My Relationship with Brunch

1Photo Credit: Lovely Lady Sarah Samuel

My relationship with brunch can be summed up by the following interactions with friends:

1. I ran into a friend a couple of months ago and he said “I assume you are always going to or coming from brunch.” This was at 1 o’clock in the afternoon during a workday.

2. I was at a party on Friday night and was asked “Where are you going for brunch tomorrow morning?”

3. I was sent a link to the below shirt saying, “I feel like you may need this.”

0d93ad54a8b024cad0202eb16dffe0e1I love that I am known for my love of brunch. That people ask for suggestions or want to talk about their favourite brunch restaurants in the city and if I’ve been there. But this wasn’t always the case. I used to hate brunch and breakfast foods in general.

2Photo Credit: Ann Street Studio

When I was a kid, there was exactly two breakfast foods I craved: toad in the hole-style eggs and crepes. I would make my own toad in the hole- style eggs, using different cookie cutters to allow my eggs to sit in a nest shaped like hearts or stars. My favourite part was the cutout, buttery and crispy, the perfect piece of toast for breaking into an egg. My dad’s specialty was making crepes. He would use the “Quick & Easy Breads” cookbook because it had step-by-step photos with the instructions. The pages with the crepe recipe were, of course, covered in flour and would stick together with egg because of how often these pages were used.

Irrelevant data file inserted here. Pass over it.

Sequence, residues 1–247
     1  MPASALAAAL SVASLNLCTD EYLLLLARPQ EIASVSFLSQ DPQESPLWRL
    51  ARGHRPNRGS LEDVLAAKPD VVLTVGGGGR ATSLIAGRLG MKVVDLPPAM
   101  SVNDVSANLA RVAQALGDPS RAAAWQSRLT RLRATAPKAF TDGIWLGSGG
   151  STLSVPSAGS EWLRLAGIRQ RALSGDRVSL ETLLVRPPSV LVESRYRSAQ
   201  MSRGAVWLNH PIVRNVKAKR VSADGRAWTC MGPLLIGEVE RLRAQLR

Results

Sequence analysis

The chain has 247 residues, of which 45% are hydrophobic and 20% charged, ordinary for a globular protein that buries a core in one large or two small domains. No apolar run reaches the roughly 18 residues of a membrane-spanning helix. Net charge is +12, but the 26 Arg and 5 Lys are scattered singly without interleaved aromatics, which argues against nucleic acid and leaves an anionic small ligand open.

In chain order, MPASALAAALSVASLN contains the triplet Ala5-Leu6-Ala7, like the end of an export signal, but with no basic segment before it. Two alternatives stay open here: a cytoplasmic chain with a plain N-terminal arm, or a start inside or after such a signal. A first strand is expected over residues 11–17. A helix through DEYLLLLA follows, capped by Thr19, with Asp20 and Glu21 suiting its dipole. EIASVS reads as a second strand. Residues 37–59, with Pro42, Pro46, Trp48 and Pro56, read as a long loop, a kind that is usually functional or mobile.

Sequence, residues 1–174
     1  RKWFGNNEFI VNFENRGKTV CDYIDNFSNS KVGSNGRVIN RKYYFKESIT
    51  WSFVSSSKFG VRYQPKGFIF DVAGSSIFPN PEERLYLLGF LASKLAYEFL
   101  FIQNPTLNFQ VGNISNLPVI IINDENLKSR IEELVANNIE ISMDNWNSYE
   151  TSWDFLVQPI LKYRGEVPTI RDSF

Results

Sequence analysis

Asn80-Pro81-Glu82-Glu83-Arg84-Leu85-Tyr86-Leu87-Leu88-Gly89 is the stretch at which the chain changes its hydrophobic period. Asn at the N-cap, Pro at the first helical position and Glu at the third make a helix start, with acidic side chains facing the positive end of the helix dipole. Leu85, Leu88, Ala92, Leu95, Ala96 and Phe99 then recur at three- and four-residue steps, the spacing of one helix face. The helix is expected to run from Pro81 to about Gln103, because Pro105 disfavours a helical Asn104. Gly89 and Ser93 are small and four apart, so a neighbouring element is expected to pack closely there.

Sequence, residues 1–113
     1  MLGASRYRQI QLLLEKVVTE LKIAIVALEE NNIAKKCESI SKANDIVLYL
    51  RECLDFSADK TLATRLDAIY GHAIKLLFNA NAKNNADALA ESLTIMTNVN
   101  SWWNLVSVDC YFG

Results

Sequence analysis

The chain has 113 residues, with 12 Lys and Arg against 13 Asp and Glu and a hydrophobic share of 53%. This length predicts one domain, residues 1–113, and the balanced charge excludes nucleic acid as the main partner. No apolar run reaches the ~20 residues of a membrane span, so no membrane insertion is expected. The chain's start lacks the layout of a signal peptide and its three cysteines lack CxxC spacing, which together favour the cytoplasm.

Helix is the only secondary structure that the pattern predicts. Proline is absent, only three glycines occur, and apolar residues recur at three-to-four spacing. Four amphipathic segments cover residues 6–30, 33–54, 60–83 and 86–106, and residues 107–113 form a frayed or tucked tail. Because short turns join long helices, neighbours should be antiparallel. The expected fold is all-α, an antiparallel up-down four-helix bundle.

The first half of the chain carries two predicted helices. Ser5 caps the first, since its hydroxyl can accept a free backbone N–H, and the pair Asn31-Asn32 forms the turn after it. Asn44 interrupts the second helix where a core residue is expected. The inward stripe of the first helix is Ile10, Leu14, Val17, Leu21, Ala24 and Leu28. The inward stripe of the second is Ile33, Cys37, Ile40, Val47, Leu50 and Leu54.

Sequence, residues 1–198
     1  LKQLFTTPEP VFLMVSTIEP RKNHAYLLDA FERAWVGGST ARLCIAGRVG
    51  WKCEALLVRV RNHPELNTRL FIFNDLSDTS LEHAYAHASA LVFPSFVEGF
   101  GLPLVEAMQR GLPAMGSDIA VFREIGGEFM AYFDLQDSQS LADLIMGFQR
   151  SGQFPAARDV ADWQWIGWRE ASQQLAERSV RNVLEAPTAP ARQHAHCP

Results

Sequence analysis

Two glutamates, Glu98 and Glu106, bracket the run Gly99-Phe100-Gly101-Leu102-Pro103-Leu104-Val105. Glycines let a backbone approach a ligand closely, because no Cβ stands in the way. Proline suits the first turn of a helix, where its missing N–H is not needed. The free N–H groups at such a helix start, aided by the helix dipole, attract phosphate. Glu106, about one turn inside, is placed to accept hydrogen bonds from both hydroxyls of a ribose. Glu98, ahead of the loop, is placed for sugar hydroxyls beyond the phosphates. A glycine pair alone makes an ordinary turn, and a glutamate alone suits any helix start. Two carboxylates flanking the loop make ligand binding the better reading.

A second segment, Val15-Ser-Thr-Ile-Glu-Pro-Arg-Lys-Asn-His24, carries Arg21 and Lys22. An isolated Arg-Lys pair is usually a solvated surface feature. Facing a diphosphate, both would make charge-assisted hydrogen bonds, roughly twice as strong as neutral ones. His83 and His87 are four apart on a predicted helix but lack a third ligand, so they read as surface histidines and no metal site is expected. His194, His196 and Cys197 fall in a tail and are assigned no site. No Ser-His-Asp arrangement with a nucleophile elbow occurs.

3Photo Credit: Life Style Asia

As I got older, my parents switched from going to church on Saturday evenings, to going on Sunday mornings at 8:30. Like any good Catholic, I was bribed to attend the early morning mass with the promise of breakfast afterwards. My parents would go to this small restaurant on Main Street called “The New Grenada.” My dad would order the egg’s Benedict (this probably explains where my love for this dish comes from) and my mom would vary her order. I would order chicken fingers and fries at 9:30 in the morning.

4Photo Credit: Martha Stewart

I didn’t start to enjoy breakfast until the summer of 2008. This was my first summer living in Toronto and my first summer dating GC. He lived in the Annex and we most weekend mornings we would go to Mel’s. Mel’s had been around forever and was a neighbourhood institution. It was your standard diner but it had this great patio that was on the side street, just slightly overlooking Bloor. Their toast wasn’t served with your standard strawberry jam, it was an in-house made rhubarb jam that was tart and sweet. It was the perfect little patio to fall in love with brunch and GC.